Important information: The value of investments and the income from them can go down as well as up, so you may get back less than you invest.
US consumers have proven to be highly resilient over the years - even when the economic news looks dire the willingness of the average American to get out there and spend has remained.
It has meant the US economy has often recovered from set-backs more quickly than international counterparts, with companies serving those consumers driving those periods of recovery.
US retailers include some of the most famous chains in the world, and the sector today is incredibly diverse - from traditional stores to giants of e-commerce.
Even as other sectors of the US economy have struggled to contend with the rise of technology and a more globalised world, retail has proven its ability to adapt. That was true in the years following the financial crisis of 2008 and 2009, when the growth of share prices in the retail sector outpaced the wider S&P 500, and also in the period of the pandemic, when lockdown meant many consumers diverted their spending online leading to gains for investors in retail.
For ordinary investors, there are some great attractions to investing in retailer stocks. The first is familiarity. These are the companies serving people like us, and our spending habits affect their fortunes. We need only think about our own spending to have a good idea of how these companies might be doing. There’s more to successful investing than that, of course, but it’s a great insight to start from.
From a UK vantage point it may not be possible to assess first-hand the footfall in our local branch of Home Depot or Target, but we can check out their online offerings for signs that they are giving their customers what they want. They are also some of the most-widely covered companies in the world, with up-to-date analysis of their results easy to find.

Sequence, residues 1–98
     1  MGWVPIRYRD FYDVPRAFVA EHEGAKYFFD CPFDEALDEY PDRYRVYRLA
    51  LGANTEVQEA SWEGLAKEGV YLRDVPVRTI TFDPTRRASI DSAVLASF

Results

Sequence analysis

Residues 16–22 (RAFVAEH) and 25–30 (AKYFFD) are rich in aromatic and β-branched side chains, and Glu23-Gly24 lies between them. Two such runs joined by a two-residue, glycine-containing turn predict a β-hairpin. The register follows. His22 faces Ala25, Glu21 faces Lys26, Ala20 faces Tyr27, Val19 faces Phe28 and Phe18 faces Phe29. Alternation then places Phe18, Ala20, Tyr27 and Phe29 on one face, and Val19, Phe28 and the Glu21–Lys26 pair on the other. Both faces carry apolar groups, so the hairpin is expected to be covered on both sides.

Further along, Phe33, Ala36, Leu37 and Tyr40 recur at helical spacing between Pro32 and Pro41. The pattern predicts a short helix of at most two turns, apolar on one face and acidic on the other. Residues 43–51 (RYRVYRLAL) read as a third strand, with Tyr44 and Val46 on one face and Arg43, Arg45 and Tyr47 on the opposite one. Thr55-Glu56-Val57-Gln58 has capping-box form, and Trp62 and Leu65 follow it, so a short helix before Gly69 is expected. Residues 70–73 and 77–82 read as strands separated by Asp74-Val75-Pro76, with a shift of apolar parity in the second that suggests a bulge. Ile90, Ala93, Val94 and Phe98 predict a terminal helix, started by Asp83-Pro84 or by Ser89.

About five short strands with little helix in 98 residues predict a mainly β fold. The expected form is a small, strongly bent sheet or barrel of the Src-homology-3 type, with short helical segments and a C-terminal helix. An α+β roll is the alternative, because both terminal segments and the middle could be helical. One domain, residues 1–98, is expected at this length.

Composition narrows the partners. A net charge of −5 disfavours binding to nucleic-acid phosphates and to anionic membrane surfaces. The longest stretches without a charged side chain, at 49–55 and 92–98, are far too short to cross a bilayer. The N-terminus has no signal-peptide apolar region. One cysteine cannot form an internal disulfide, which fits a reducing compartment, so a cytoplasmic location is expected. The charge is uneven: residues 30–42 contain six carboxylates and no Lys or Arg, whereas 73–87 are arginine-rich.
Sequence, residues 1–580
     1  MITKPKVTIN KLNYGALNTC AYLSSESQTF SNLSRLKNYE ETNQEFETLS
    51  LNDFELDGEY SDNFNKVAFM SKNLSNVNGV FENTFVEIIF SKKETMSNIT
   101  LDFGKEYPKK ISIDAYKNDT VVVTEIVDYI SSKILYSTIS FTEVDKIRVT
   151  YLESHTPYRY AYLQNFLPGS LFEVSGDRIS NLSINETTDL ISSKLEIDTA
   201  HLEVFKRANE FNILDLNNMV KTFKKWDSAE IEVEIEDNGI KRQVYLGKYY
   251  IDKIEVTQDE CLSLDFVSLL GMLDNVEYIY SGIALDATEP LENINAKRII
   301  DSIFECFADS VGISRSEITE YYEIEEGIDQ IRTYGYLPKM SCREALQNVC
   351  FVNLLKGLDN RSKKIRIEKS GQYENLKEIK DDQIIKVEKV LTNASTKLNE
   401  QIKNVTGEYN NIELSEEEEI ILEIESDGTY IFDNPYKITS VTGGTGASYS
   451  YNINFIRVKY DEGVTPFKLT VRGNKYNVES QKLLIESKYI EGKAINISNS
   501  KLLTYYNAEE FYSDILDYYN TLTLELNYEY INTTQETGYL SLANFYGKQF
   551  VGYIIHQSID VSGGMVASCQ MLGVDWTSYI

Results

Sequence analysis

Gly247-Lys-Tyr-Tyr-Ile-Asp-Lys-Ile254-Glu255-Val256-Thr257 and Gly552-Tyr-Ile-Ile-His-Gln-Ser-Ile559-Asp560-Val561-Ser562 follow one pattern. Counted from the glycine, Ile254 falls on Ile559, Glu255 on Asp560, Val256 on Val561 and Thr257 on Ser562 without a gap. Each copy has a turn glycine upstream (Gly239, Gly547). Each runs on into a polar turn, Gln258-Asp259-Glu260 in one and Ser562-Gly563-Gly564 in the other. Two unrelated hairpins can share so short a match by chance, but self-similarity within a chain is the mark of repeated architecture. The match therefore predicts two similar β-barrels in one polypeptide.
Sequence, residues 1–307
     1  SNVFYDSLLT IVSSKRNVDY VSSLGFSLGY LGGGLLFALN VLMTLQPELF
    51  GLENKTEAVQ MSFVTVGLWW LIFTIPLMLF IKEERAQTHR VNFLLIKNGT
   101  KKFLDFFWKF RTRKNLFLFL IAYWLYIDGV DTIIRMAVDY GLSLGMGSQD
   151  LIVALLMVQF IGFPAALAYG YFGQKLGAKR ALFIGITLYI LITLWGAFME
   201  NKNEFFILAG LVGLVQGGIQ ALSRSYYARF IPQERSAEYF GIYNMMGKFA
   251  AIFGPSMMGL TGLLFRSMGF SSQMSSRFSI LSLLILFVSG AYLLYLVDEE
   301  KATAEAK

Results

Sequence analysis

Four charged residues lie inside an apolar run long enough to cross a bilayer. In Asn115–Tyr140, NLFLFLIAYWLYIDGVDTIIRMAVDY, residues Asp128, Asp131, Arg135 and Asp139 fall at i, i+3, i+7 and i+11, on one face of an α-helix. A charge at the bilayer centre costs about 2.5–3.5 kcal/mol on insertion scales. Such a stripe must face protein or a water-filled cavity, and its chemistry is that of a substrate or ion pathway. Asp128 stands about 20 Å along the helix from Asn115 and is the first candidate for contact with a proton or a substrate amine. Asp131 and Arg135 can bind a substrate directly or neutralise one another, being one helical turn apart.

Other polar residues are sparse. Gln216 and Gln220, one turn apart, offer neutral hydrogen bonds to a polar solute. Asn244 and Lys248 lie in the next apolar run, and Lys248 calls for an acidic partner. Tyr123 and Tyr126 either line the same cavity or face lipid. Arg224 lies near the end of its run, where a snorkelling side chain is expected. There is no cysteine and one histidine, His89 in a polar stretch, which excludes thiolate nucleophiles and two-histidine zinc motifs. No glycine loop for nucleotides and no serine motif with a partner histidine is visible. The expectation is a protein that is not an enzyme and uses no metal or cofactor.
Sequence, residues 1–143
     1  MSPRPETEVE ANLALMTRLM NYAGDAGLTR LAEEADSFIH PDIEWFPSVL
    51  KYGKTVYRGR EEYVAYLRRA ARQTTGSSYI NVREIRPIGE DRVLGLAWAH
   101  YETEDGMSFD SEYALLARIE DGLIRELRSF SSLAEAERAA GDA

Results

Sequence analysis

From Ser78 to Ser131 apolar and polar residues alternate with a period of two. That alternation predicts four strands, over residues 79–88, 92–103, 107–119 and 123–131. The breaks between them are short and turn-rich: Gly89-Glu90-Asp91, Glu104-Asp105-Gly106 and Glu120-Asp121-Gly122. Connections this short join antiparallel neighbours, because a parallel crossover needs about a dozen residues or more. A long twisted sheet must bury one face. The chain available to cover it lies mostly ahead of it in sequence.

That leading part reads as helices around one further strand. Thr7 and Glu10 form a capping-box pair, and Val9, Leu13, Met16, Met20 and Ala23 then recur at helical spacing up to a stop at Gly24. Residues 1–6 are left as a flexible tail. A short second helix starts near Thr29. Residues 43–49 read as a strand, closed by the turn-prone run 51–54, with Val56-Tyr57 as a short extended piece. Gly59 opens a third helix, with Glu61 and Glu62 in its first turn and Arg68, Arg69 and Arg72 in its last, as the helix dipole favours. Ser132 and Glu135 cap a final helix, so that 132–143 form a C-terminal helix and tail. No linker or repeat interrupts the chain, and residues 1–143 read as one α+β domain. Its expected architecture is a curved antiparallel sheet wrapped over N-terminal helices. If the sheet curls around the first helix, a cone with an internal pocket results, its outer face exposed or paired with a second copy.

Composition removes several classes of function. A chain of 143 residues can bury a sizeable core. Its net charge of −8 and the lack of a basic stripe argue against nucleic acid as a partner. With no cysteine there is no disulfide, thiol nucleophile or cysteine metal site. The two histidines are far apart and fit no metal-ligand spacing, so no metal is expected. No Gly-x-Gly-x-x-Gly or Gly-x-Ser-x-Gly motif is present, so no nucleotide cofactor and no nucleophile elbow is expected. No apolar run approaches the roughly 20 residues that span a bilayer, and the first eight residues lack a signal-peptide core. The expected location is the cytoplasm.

Many professional investors are big fans as well. James Thomson, manager of the Rathbone Global Opportunities Fund, holds a large position in Costco, the membership-only retailer that has proven that consumers are still willing to visit big-box stores to grab a bargain.
Other stars of US retail include Amazon, the all-conquering tech giant that is competing to be the biggest company in the world thanks to its unrivalled logistics network for home delivery and state-of-the art of data to serve up items to customers who want to buy them.
Amazon share price chart
Source: Refinitiv from 10.6.17 to 10.6.22. Basis: Share price in USD. Excludes initial charge.
Walmart is the largest traditional retailer in the world by size but has struggled more recently as competition from online sellers has risen. A healthy dividend has helped reassure investors while its stake in the discount store space could make it a winner if there is a more pronounced downturn in the economy.
And the future is likely to bring more global retail names to the US. Chinese low-cost fashion phenomenon Shein is mulling a listing in New York with a huge $100bn valuation.
Five year performance
As at 31 May
Past performance is not a reliable indicator of future returns
Source: Refinitiv from 31.5.17 to 31.5.22. Basis: Share price returns in USD. Excludes initial charge.
Important information: Investors should note that the views expressed may no longer be current and may have already been acted upon. Overseas investments will be affected by movements in currency exchange rates. Reference to specific securities should not be construed as a recommendation to buy or sell these securities and is included for the purposes of illustration only. When you are thinking about investing in shares, it’s generally a good idea to consider holding them alongside other investments in a diversified portfolio of assets. This information is not a personal recommendation for any particular investment. If you are unsure about the suitability of an investment you should speak to one of Fidelity’s advisers or an authorised financial adviser of your choice.
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